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The Argentine Peso Crisis: How Businesses are Turning to the Dollar

Argentina’s peso is teetering. As one of the globe’s most underperforming currencies, it’s lost a staggering 20% against the US dollar in just one month and a jaw-dropping 90% over five years. From some perspective, this once-respected currency now trades at less than a third of a penny at official rates and a mere tenth of a penny at informal rates.

In light of this, businesses in Argentina have taken a unique turn. Instead of waiting for national policy solutions, they’re self-preserving by increasingly embracing the US dollar.

It’s not just a few businesses either. Data reveals that roughly 200,000 tech-sector pros in Argentina now receive their paychecks in dollars or euros. This move towards foreign currencies might be attributed to the alarming turnover rates (hovering over 30%) experienced by peso-based roles. A few prominent names that have incorporated this change include the likes of MercadoLibre, Accenture, Globant, and fintech frontrunner Ualá. That list is expanding, with Despagar, Beltarix, and VTEX joining the “pay-in-dollars” bandwagon.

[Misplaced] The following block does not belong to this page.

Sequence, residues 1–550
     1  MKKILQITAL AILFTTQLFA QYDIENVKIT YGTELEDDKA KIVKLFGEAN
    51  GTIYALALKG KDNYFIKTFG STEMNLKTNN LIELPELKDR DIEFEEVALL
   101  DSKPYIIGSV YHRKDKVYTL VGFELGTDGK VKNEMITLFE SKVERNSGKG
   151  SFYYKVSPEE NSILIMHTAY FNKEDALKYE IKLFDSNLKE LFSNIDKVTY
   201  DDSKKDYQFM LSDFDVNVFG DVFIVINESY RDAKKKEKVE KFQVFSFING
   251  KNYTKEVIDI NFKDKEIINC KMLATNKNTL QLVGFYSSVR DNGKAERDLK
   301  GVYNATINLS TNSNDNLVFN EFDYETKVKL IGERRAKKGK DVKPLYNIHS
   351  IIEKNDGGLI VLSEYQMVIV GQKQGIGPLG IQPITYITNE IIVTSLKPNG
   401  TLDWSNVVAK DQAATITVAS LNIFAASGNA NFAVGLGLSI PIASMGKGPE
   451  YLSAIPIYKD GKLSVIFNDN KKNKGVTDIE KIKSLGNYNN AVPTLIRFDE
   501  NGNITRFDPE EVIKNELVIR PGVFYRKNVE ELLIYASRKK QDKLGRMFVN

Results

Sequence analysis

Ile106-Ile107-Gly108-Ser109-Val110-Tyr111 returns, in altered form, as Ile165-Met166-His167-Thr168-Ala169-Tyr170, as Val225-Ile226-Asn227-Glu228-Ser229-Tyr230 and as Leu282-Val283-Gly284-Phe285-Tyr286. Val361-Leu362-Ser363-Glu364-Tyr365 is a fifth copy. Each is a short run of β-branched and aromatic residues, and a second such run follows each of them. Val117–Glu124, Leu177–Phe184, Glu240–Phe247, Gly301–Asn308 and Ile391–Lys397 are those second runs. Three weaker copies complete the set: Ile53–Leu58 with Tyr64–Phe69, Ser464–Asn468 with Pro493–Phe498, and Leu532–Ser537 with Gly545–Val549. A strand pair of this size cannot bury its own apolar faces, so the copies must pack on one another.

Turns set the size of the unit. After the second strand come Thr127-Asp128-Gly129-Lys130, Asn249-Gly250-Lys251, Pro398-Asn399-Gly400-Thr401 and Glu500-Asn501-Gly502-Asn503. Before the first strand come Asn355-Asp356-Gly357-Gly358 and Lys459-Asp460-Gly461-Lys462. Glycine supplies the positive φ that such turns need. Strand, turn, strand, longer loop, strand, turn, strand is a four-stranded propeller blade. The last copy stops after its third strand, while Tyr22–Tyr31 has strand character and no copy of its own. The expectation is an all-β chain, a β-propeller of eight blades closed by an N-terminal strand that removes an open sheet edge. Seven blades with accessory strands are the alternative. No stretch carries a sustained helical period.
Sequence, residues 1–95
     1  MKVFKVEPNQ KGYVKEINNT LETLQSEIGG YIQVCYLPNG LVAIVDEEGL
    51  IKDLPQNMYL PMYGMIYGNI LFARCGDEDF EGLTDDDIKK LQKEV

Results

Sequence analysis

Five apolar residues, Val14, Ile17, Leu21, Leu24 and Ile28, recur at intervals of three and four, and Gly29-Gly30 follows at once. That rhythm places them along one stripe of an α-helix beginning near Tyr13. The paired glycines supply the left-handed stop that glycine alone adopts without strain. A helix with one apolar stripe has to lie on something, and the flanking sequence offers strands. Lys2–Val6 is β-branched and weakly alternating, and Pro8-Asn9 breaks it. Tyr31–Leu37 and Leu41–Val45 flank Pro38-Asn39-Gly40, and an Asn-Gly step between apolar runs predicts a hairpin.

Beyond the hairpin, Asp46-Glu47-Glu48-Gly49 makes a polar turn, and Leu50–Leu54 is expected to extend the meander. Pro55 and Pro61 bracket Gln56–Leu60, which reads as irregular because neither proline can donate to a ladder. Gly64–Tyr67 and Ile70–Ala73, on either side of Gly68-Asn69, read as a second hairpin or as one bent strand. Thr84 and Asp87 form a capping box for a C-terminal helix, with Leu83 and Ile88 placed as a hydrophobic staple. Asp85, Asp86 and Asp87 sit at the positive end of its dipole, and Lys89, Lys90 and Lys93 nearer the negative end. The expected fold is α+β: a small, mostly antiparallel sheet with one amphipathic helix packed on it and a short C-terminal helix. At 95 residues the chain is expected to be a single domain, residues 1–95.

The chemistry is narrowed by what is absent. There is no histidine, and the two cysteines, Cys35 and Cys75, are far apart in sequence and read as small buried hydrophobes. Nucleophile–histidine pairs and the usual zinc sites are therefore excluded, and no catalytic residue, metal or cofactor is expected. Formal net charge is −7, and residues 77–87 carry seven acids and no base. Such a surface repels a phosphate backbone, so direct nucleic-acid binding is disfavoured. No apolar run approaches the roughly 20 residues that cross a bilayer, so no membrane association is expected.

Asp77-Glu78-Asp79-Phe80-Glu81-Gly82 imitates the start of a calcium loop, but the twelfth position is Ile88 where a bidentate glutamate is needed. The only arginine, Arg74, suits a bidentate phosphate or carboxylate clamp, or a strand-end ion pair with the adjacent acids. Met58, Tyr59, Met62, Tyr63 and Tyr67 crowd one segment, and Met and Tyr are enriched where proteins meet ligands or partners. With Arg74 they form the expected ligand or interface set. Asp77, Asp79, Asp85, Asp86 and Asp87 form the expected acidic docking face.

But it doesn’t stop at salaries. The private sector is now looking at the dollar for regular business transactions. For instance, GoDaddy, a US-based website firm, no longer accepts payments in Argentinian pesos; they’ve switched to the dollar. Taking a stroll in Buenos Aires might surprise you: over 60% of apartment listings there now flaunt dollar prices, a substantial leap from just 20% a couple of years ago. Even some dining spots in the city are showing dish prices in dollars!

This trend, however, doesn’t come without its critics. While many laud the dollar’s stability, economist Robin Brooks is skeptical. He believes Argentina’s salvation lies in drastic measures like spending cuts and a recession, not in leaning on another country’s currency. Brooks also warns about the risks of relying too heavily on the dollar and proposes a possible solution: pegging the Argentine currency to Brazil’s real.

Whether that’s the future remains to be seen. For now, it’s clear that, as the peso continues to dwindle, businesses are crafting their own solutions to stay afloat. It’s a story of resilience, adaptation, and, yes, a lot of greenbacks!

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